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EU Economy Returns to Pre-Pandemic Levels by Sven R. Larson

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EU Economy Returns to Pre-Pandemic Levels

On January 31st, Eurostat released its flash estimate of economic growth in the EU and the eurozone in the fourth quarter of 2021. On an annual basis, gross domestic product (GDP) increased by an inflation-adjusted 4.8% in the EU and 4.6% in the euro zone. 

Of the EU ten member states for which Eurostat includes GDP growth rates, Italy has the highest at 6.4%. They are followed by Sweden (6.1%) and Belgium (5.6%). Germany has the lowest growth rate of the ten, with its GDP expanding at only 1.4% year over year. 

The growth rates are up, generally, from the third quarter, reflecting a gradual post-pandemic return to normal economic activity. However, despite the strong growth rates in the fourth quarter, the European economy has only barely recovered from the pandemic. A comparison between inflation-adjusted gross domestic product for the fourth quarter of 2020 and for the same quarter in 2021, shows that the EU economy as a whole has just about regained its losses to the pandemic. Measured in 2015 prices,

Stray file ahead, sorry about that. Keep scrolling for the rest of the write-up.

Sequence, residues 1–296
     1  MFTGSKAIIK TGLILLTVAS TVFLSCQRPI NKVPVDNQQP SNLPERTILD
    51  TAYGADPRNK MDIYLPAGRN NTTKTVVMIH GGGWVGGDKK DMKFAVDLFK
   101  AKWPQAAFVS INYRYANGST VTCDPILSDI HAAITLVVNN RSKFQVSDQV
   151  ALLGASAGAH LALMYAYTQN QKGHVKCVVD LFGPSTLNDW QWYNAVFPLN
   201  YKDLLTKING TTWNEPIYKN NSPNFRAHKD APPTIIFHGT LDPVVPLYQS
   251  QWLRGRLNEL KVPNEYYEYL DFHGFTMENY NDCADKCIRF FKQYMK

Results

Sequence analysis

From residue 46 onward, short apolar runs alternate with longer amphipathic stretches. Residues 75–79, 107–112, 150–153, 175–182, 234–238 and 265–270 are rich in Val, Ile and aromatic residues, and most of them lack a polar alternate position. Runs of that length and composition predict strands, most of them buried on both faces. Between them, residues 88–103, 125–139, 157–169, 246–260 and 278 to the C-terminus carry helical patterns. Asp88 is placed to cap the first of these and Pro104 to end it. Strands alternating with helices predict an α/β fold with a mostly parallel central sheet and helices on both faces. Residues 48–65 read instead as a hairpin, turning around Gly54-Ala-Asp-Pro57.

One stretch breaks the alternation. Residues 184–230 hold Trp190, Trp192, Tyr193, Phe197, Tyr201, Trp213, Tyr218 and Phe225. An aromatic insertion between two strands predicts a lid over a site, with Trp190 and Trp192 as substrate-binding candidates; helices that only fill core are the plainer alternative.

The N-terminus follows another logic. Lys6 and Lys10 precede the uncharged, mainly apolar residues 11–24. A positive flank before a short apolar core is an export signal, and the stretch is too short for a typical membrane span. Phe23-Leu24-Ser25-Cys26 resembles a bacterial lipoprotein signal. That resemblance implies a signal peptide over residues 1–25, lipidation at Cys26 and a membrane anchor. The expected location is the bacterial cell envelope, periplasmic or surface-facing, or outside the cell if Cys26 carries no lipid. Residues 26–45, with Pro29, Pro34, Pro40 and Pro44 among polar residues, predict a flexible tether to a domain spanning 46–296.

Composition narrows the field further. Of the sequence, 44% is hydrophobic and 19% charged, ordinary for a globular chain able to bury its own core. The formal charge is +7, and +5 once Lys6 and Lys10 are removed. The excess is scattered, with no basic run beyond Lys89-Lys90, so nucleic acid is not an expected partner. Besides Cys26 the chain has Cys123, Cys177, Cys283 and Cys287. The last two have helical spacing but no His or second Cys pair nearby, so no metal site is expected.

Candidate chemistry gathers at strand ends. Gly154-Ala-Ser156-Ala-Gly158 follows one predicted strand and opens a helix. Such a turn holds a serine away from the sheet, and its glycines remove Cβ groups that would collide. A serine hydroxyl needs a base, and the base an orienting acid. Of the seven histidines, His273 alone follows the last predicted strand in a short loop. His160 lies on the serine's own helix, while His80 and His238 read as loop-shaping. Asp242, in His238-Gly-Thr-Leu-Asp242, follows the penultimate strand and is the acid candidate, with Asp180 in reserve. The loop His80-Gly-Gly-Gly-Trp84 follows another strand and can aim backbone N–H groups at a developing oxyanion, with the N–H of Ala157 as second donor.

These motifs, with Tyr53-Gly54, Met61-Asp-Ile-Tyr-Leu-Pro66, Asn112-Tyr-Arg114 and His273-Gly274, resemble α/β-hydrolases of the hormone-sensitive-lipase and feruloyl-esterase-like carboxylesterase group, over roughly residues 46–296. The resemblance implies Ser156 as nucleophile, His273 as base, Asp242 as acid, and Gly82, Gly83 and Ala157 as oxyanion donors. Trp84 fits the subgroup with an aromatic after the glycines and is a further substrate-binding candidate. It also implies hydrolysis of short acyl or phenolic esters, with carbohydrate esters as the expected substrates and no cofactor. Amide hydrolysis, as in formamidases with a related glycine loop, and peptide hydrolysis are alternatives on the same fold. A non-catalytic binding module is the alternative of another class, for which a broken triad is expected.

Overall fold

• In the fourth quarter of 2019, the last full quarter before the pandemic, EU-wide GDP stood at €3,201.1 billion;
  • In the fourth quarter of 2021, EU-wide GDP was €3,353.1 billion, an increase of 0.44%.

A similar comparison for the 19 euro-zone members puts the two-year increase at only 0.03%.

Of the ten countries for which Eurostat has released fourth-quarter GDP data, five had a larger economy at the end of 2021 than at the end of 2019: Lithuania (+4.6%), Sweden (+3.9%), Latvia (+1.3%), Belgium (+1%), and France (+0.9%). 

The remaining five had not yet fully recovered, adjusted for inflation. Spain exhibited the largest GDP gap (-4%), followed by Germany and Portugal (-1.5%), Austria (-1.1%), and Italy (-0.6%). 

The recovery of lost economic activity coincides in time with the decline in budget deficits across the EU

Sven R. Larson is a political economist and author. He received a Ph.D. in Economics from Roskilde University, Denmark. Originally from Sweden, he lives in America where for the past 16 years he has worked in politics and public policy. He has written several books, including Democracy or Socialism: The Fateful Question for America in 2024.

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